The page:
again, "If public drinking water does not meet mandatory

requirements, suppliers must provide notice to customers

(40 CFR 135).  (pp. 165-167) THAT IS NOT TRUE IN ANY

FORM! The title for 40 CFR 135 outlines the purpose

__PRIOR NOTICE OF CITIZEN SUITS; under the Clean Water

Act and the Drinking Water Act.

In reality, the regulation authorizes a person to

file a civil action suit against an individual, a

corporation, a state or local agency, or a federal

agency, and prescribes the procedures an attorney must

follow in that action. If an attorney does not follow

those procedures, the case will be thrown out and the

attorney could be subject to a malpractice suit.

Let's continue to look at the report;

"If the quality of sludge does not meet

beneficial use criteria, it must be disposed as

required under the Part 503 Sludge Rule or, if

mixed with non-hazardous solid waste, managed under

existing state solid waste plans (40 CFR 256 and

258). (p.165)

Actually, there are four choices available to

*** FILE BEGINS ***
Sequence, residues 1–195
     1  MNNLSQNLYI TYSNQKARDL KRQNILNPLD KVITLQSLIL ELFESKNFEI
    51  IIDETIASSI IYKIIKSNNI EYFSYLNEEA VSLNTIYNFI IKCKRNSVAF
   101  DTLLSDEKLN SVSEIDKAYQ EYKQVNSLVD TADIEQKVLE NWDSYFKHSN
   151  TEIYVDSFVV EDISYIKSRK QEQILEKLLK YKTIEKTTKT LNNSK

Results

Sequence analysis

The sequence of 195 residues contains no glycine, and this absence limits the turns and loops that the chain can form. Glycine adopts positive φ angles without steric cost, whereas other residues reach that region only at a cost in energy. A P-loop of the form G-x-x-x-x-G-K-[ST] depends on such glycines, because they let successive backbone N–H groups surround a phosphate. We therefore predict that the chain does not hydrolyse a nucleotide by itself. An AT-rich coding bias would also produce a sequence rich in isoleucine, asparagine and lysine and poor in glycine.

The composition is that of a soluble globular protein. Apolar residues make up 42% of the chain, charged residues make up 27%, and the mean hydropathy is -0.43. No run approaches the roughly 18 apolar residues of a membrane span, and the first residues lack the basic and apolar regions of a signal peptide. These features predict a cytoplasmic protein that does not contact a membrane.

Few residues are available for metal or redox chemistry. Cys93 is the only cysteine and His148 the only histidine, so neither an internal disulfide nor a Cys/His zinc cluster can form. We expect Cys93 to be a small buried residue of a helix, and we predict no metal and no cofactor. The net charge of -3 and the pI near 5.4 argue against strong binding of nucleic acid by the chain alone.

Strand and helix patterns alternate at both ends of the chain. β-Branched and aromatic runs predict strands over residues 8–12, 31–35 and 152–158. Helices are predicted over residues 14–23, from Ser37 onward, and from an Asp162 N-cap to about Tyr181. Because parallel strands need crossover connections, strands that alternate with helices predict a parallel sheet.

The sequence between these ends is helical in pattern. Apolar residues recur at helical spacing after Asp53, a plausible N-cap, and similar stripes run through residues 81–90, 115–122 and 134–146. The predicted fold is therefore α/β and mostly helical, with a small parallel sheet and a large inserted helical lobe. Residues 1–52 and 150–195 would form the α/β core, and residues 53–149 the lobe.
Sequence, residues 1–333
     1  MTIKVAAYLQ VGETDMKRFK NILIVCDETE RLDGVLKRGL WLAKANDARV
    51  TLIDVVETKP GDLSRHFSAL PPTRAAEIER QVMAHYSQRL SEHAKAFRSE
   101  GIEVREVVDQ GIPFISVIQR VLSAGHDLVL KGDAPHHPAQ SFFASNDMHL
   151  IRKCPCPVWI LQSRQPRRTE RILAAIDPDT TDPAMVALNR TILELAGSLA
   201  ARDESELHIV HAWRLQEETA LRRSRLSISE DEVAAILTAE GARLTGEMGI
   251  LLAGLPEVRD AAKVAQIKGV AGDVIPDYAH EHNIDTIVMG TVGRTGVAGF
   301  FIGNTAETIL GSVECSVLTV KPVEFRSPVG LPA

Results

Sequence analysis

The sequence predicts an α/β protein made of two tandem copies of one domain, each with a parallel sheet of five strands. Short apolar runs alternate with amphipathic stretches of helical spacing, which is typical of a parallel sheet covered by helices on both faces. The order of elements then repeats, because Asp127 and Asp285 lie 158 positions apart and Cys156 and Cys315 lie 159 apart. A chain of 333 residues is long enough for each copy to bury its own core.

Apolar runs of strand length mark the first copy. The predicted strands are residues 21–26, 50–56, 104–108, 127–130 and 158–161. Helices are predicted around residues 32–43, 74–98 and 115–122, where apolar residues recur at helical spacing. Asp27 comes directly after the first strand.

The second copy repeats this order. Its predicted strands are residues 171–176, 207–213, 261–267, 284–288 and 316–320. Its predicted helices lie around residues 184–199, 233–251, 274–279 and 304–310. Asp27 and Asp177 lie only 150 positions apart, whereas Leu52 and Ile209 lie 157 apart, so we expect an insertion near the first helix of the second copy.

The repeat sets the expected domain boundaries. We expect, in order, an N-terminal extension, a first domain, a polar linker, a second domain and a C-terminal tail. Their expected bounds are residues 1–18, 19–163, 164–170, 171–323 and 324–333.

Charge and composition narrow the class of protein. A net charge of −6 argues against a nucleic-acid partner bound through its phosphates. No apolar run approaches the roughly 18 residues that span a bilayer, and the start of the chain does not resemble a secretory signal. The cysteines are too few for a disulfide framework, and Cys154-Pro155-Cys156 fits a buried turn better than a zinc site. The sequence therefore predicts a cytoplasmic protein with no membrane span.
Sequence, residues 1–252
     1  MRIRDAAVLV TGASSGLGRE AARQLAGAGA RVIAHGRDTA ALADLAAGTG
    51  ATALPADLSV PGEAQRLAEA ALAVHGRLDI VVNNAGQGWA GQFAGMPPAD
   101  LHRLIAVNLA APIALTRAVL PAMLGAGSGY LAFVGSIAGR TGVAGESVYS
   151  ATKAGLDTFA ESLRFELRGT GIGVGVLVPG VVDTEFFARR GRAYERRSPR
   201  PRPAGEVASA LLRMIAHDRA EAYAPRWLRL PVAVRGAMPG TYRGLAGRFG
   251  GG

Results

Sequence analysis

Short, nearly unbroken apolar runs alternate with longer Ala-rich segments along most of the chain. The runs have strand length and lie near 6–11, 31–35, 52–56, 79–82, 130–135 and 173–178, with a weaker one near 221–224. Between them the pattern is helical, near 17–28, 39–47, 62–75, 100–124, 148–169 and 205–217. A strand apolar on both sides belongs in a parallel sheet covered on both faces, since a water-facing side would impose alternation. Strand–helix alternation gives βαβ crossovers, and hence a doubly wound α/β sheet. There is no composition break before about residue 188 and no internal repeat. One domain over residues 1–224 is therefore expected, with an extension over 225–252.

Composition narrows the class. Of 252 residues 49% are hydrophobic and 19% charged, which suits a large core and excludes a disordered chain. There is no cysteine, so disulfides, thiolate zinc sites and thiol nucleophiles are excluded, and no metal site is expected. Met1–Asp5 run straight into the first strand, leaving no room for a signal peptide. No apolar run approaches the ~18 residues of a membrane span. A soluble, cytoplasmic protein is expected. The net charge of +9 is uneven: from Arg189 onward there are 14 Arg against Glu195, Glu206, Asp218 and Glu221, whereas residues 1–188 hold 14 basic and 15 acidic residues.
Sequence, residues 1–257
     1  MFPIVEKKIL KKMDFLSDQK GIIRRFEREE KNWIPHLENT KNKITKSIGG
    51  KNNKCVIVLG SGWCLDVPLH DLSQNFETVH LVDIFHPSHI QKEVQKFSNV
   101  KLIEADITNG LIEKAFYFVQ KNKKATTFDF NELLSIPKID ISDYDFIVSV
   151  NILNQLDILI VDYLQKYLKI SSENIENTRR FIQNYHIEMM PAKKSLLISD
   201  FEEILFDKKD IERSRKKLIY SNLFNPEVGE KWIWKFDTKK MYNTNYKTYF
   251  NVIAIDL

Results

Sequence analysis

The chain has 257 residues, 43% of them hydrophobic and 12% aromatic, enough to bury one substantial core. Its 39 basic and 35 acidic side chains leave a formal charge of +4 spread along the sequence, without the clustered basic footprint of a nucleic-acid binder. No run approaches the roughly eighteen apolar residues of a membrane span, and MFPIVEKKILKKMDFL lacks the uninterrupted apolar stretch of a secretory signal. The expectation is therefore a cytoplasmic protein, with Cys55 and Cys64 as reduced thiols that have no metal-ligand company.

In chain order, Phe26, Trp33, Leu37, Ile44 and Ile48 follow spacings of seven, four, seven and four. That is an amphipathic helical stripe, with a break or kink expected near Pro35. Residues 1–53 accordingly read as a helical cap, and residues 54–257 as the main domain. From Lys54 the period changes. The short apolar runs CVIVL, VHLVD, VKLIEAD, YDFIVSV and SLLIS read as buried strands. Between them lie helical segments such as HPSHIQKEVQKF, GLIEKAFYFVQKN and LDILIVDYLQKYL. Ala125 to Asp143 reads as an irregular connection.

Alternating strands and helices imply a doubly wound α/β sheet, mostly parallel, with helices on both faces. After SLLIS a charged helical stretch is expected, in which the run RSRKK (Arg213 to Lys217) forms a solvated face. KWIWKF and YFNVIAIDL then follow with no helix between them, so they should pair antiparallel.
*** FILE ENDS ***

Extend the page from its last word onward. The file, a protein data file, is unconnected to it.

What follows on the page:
the treatment plant operator for sludge disposal, three

of the choices are highly regulated:

1.   Dispose of sludge in a solid waste landfill under

40 CFR parts 257/258 where human health damages

would be very limited.

2.   Incinerate sludge under the provisions of 40 CFR

503 where human health damages would be limited to

an EPA estimated 10 people per year.

3.   Dispose of sludge in a highly regulated sludge only

surface disposal site under part 503, providing the

sludge does not have over 600 ppm of chromium in

it, where human health damages would be very


4.   Since the chromium level in beneficial sludge for

use on crops could be as high as 3,000 ppm (that is

to high to be put in a surface disposal site), the

treatment plant operator has to make another

choice, dispose of the sludge as a solid waste

under part 257/258 or dump it on crop land as a

beneficial fertilizer, which is excluded from the

safety and liability provisions of the federal law,